With June ticking away, the Supreme Court still has a handful of tech-related cases to decide. One is a case about software patents that could change the way businesses protect their intellectual property. Another pair of cases asks whether police can legally search the contents of your cell phone without a warrant. But the last such case of the summer promises to be far more important to our day-to-day lives. It could forever change the future of television. At the center of this lawsuit is a little company called Aereo.
Not familiar with the case? Read on.
New York-based Aereo is controversial because the company takes over-the-air broadcast programming, like shows on PBS, ABC or NBC, and streams them over the Internet to its customers. It does this without paying the networks that produce the content. Should Aereo have to pay these guys for transmitting their stuff? That's the question facing the Supreme Court.
A decision could come as early as today, or sometime next week. Which way could it break? Probably one of four ways.
To discuss how the court might rule, we have to understand the dispute between Aereo on the one hand and broadcasters on the other. The broadcasters say that Aereo is straight up stealing their programming and then making money on top of that by charging customers $8 a month. Aereo says it's doing nothing that consumers wouldn't do themselves if they had a cloud-based DVR hooked up to their TVs.
When you sign up with Aereo, the company configures a tiny antenna the size of a dime and sets it aside just for you. Now, any TV show you record will be saved in a digital locker for you to play back later.
Broadcasters say that Aereo's carriage of their signals over the Internet resembles the way cable companies carry broadcast TV signals over cable. In that industry, the cable operators pay broadcasters a fee for "retransmission." Retransmission fees are an important source of revenue for broadcasters, so the fact that cable pays retrans while Aereo doesn't seems a little unfair, according to the broadcasters.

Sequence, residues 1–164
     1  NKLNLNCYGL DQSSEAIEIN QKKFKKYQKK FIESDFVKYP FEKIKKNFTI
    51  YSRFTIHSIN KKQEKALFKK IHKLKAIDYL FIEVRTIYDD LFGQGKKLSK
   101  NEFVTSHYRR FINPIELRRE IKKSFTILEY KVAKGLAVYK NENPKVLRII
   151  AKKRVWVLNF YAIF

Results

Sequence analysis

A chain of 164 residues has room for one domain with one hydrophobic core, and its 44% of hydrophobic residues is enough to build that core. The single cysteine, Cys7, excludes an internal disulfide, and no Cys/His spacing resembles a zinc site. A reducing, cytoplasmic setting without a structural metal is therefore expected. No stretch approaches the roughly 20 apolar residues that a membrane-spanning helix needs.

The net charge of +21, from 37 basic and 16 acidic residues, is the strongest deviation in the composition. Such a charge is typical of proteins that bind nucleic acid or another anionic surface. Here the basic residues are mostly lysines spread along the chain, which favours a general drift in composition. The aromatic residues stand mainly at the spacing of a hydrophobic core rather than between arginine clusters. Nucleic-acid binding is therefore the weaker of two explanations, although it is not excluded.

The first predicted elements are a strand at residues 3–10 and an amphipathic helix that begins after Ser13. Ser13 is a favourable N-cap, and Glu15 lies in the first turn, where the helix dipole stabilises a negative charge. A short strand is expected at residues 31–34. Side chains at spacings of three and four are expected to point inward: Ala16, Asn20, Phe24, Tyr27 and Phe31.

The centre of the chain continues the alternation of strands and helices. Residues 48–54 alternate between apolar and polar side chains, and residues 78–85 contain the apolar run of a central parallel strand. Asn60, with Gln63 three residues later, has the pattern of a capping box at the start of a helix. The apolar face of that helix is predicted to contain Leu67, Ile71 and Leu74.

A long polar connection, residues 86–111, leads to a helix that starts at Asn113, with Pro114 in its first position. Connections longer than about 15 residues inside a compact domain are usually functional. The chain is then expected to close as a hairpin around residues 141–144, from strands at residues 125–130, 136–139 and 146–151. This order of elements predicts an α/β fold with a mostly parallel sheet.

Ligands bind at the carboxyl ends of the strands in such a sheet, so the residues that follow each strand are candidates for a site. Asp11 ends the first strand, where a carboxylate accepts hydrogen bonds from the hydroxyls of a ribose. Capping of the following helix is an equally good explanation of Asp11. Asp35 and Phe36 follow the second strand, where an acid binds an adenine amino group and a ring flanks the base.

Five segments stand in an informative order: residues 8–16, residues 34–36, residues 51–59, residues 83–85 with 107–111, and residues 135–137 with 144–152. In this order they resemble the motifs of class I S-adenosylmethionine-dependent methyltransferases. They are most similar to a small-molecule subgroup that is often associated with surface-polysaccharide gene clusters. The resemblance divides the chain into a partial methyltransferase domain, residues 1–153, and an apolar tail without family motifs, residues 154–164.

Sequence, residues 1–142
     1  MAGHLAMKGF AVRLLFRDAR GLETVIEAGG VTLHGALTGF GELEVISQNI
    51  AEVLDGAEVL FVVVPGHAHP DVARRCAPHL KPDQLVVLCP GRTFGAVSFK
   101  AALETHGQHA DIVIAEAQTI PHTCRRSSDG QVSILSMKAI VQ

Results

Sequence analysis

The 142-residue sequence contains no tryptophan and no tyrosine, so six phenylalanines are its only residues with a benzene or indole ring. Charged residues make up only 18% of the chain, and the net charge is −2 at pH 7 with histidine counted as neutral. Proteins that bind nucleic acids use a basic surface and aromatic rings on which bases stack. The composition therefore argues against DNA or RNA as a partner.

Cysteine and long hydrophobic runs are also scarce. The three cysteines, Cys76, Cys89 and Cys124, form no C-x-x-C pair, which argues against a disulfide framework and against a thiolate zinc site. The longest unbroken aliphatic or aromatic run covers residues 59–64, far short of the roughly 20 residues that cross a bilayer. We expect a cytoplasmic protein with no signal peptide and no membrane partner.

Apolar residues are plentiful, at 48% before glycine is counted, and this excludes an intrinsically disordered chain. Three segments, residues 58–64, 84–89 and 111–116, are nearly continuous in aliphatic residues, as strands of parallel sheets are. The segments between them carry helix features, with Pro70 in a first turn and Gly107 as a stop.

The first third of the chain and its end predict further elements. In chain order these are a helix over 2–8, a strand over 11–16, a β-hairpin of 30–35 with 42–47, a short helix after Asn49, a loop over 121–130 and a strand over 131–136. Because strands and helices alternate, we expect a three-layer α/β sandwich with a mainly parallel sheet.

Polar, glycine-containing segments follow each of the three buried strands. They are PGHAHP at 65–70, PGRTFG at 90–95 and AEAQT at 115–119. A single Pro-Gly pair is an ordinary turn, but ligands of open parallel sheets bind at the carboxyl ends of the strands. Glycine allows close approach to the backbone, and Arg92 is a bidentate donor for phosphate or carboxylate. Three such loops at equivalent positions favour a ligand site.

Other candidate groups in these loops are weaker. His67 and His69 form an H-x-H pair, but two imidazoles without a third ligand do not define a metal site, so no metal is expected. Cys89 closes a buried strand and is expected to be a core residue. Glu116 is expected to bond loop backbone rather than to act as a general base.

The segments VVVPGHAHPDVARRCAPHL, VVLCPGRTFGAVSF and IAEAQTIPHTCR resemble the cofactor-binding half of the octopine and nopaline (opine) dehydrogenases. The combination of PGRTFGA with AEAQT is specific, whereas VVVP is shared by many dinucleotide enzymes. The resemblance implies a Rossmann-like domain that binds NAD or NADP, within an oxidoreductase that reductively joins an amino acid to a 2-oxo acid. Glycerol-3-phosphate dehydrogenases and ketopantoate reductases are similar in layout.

Here's why the Supreme Court case is so important. If Aereo wins, it potentially upends the entire TV business. Suddenly, broadcasters would have to worry about a flood of customers starting to watch live TV over the Internet. As we've seen in the publishing industry, the minute content moves online, advertising rates start to fall. And as TV networks' ad revenue craters, they wouldn't be able to make up the shortfall by charging Aereo retransmission fees. That's a double whammy.
Meanwhile, the alliance of convenience between broadcasters and cable companies would start to crumble. Cable companies might point to Aereo and demand to pay lower retransmission fees to broadcasters. If cable succeeds in driving down the rates it pays, however, it could have a harder time explaining to consumers the continued rise in cable bills, which the industry blames on programming costs. Broadcasters would probably try to negotiate for even higher fees than cable pays today, with the disputes resulting in blackouts like last year's CBS-Time Warner Cable outage. In an effort to strangle Aereo's access to free content, networks like CBS could very well start streaming their own content over the Internet and stop transmitting over the airwaves. Analysts generally think CBS is bluffing here, but if it does follow through, then the networks would be tacitly admitting that the only way to survive is to compete with Aereo head-to-head.